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Much to be understood, respected about transgender students on campus

This week, we’re talking with Stephanie, who works for a non-profit organization on campus. She is a musician of over 30 years as well as a Star Wars fan. I asked Stephanie about her experience of transitioning, and she generously shared some really great insights.


BR: What do you wish people knew or understood about transitioning?

ST: The journey is not linear. There are many trajectories along the path; individuals make changes at their own pace, and the hope is that friends and family would be patient. My gender expression has been different at different points along the way. It can change radically in a short period of time. There are lots of paths to choose from [through transition].

Pop culture sets out a certain image or expectation of what you will look like. It’s anticipated that if you go from male to female, you will end up looking like a female supermodel. But people are naturally variable and we all turn out different.

And although we may seem different, we are ordinary people who want to be accepted for who we are and have the same experiences that other people do – love, success, etc.

BR: What kinds of things could others do that would be most helpful to someone experiencing transition?

ST: The pronoun thing. Use the desired pronouns and name preferences as a matter of respect. [Generally, use the pronoun the person is transitioning toward, to honour their goal and journey.]

Be an ally – march with me in the rain; that’s huge. It makes such a big difference. Show your support in whatever way you can.

Be willing to ask questions, research things so you have better understanding of the life and issues. Use the Internet, e.g. how to be an ally to trans people. Be open to exploring and learning about trans lives and issues.


BR: What’s unhelpful, insulting, or rude that you wish people would not do?

ST: Mis-gendering after being told that person’s preferences. If you are unsure which pronoun to use, you might use gender-neutral pronouns, until you can ask for the person’s preference if necessary. If I’ve shared my story with you, and you still refer to me in the past gender, that can be hurtful and is disrespectful.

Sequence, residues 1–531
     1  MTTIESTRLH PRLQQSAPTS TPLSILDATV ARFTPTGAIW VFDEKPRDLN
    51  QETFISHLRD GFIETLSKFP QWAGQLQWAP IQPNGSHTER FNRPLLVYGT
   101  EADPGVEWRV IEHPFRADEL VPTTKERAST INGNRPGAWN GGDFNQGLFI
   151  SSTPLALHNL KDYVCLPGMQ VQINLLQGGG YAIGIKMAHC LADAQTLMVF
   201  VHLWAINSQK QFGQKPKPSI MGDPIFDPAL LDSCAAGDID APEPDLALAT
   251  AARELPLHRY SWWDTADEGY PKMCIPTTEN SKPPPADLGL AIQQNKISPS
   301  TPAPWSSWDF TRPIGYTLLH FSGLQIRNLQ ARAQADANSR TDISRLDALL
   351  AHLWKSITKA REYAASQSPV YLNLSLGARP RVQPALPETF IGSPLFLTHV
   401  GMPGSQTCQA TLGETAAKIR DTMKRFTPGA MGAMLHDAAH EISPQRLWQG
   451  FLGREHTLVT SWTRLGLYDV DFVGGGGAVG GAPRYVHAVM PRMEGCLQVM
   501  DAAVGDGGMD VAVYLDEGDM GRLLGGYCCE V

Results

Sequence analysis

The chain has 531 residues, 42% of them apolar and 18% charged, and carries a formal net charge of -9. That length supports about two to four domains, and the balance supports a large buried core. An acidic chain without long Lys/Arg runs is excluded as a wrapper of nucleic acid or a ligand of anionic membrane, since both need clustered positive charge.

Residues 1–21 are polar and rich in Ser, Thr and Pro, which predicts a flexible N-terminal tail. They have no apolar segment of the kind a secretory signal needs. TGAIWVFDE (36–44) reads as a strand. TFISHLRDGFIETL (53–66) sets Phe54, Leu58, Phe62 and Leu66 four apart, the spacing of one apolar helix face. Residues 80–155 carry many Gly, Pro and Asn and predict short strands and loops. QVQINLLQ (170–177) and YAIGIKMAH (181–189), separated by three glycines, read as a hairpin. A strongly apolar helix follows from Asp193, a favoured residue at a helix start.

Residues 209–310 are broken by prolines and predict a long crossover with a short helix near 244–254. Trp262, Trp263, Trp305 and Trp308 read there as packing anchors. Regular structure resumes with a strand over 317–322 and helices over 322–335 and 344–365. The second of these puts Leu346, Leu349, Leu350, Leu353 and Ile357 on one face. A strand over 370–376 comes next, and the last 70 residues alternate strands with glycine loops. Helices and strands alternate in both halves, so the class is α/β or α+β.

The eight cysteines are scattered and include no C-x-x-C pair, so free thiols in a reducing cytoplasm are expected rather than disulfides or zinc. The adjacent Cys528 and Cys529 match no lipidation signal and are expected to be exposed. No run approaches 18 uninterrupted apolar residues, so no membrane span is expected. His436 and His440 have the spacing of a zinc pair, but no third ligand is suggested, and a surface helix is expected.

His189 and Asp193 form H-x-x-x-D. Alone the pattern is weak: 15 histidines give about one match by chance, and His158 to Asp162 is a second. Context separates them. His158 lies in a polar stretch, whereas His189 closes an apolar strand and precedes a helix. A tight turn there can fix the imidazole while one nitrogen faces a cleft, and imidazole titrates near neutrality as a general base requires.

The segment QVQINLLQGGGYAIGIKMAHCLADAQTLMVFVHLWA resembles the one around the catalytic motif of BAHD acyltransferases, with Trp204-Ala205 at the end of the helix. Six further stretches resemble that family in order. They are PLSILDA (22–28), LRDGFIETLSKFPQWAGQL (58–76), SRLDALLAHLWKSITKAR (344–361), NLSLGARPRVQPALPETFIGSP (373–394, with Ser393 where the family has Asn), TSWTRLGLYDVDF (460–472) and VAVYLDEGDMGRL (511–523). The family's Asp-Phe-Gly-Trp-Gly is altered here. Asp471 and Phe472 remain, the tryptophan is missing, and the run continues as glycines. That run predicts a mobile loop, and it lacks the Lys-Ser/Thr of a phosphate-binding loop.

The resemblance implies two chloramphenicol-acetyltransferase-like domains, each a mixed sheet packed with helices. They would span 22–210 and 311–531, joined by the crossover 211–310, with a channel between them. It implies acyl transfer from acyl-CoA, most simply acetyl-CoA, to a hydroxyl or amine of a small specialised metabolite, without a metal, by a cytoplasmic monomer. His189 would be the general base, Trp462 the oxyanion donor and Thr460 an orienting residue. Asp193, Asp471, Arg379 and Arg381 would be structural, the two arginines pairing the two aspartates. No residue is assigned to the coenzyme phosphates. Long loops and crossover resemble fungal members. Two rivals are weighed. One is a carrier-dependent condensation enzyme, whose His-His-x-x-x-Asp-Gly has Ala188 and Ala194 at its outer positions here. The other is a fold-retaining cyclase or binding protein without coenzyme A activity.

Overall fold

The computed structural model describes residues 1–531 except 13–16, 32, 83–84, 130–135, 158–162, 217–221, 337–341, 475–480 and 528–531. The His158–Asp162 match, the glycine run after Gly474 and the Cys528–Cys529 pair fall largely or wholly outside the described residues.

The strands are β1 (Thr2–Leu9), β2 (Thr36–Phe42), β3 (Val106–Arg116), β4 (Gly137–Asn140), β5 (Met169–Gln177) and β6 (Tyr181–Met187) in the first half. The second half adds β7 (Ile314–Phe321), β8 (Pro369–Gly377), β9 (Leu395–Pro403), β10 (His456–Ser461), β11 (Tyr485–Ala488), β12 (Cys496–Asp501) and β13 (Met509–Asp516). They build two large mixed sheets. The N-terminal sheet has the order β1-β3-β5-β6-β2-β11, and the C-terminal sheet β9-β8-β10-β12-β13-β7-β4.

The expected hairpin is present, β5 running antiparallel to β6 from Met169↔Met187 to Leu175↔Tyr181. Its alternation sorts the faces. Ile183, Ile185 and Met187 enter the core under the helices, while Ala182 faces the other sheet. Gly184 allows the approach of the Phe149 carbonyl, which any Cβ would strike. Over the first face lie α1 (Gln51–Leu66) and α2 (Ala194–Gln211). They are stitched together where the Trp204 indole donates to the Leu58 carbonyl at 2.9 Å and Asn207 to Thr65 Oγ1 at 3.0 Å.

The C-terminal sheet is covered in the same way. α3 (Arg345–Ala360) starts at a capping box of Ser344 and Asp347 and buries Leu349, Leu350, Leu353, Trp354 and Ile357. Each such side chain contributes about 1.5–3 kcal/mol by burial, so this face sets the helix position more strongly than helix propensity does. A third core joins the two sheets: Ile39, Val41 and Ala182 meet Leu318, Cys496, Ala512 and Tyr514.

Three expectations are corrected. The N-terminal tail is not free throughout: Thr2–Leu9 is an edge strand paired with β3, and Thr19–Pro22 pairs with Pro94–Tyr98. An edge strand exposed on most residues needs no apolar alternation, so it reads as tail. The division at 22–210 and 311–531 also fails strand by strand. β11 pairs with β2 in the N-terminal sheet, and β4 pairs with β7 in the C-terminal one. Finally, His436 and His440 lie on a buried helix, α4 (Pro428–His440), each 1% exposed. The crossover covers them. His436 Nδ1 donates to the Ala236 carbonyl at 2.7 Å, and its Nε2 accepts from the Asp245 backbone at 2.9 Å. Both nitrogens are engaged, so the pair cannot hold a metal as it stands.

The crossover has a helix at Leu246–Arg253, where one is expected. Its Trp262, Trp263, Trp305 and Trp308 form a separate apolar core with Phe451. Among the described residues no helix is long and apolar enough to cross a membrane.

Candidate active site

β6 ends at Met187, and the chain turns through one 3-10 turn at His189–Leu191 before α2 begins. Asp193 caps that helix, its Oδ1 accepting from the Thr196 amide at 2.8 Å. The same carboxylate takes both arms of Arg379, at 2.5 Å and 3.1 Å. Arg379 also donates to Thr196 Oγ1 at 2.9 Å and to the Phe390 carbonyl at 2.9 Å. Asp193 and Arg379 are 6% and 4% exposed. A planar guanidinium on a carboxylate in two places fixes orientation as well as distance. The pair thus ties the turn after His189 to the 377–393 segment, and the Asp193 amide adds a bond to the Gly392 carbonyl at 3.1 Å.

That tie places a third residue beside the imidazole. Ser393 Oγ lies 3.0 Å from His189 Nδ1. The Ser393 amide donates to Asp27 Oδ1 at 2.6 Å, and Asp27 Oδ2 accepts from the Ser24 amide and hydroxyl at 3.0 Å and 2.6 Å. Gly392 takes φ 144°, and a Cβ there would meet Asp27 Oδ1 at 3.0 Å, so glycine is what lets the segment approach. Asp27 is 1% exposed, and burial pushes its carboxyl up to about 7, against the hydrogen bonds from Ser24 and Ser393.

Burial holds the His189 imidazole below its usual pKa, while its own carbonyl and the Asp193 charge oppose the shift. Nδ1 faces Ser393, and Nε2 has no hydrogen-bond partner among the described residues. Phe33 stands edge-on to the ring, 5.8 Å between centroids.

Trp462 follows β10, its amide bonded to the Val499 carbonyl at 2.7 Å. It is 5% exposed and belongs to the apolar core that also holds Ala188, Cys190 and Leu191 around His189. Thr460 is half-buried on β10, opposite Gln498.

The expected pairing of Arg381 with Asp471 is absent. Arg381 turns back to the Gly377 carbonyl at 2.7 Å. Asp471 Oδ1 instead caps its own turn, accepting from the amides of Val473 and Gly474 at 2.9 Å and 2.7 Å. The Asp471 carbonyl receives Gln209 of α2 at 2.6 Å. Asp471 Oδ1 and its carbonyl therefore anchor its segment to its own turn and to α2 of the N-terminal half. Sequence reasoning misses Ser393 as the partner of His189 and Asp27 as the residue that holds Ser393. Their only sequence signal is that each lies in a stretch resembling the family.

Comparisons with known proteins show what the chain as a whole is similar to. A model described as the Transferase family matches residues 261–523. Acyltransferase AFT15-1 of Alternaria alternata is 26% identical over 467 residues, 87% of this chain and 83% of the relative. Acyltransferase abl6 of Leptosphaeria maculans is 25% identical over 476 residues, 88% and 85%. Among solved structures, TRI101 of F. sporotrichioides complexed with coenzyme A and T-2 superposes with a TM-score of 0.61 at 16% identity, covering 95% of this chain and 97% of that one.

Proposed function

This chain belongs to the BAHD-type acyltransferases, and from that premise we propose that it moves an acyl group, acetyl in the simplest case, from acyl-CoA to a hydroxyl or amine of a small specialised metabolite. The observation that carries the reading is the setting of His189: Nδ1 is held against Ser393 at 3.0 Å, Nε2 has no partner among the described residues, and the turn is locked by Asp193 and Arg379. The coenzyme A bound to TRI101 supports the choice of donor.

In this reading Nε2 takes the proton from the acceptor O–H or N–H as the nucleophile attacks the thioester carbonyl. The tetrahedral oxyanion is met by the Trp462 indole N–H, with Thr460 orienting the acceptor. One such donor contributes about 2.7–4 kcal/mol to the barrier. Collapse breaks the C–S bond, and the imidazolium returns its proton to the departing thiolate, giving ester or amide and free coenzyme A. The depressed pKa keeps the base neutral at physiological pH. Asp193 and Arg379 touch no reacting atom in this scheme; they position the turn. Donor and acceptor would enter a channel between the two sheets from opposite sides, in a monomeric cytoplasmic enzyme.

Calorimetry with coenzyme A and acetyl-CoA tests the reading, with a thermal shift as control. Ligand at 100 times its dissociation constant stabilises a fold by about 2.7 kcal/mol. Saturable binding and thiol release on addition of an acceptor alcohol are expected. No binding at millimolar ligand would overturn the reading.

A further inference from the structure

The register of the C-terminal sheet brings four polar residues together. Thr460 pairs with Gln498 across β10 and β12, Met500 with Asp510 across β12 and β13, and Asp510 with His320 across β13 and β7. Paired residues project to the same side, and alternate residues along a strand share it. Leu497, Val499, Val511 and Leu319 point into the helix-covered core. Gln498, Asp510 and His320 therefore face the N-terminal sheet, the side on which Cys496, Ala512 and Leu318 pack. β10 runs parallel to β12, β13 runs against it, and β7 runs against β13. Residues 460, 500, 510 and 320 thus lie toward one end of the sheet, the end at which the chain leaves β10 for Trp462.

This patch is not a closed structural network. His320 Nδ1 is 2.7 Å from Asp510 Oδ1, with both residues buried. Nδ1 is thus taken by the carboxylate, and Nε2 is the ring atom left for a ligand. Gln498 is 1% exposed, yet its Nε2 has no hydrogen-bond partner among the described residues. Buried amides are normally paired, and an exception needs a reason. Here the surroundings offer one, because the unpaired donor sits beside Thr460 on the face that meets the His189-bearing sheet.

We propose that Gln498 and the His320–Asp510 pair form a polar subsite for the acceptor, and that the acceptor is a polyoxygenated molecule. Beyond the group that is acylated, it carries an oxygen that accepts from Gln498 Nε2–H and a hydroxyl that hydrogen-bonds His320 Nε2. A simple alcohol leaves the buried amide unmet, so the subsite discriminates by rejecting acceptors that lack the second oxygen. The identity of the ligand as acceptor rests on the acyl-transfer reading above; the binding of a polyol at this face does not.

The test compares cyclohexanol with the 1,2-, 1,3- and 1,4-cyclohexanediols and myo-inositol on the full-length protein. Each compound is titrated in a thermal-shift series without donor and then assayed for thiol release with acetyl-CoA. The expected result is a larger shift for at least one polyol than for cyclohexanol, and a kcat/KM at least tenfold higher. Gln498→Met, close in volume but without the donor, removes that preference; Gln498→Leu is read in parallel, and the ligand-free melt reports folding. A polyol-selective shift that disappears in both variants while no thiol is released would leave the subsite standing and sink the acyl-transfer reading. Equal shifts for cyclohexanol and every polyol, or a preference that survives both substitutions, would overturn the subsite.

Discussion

Use respectful language, not derogatory terms. If you don’t know them, look them up. And don’t rely on stereotyped images of trans people; we aren’t like that.


BR: How can people who want to learn more about what it’s like to live in our UNB community as a trans person ask questions, to seek understanding and knowledge?

ST: Trans people are as different from one another as everyone, so the answer to this varies, as it would with anyone. I welcome authentic attempts to learn and understand. Others might feel differently. Inquire with respect, and respect the reply.

BR: What has been hard?

ST: Losing friends and struggling for acceptance with family. The process of becoming someone else has had psychological effects. Transitioning has been a great confidence-builder, that someday I will be myself, but struggling with your identity, for now it’s difficult… Looking into the mirror and recognizing somebody new.

BR: What myths would you bust?

ST: The myth that everyone wants surgery – no, they don’t. Lots of people are OK with their bodies as they are, or you can make whichever changes suit. There are lots of variations between male and female, lots of gray area.

Trans people just want to be able to use the bathroom of their choice, where they feel comfortable, without being viewed with suspicion.

1 Comment

  1. TaylorBissnette Reply

    The surgery thing is so big. Some people see it as an end goal, but have financial issues (particularly in NB where it’s not covered) or aren’t happy with what they’ve seen as current end results, so never persue in. Then there are those, like Stephanie said, who aren’t interested period. There’s such a variance to respect, like in cis (non-trans) people.

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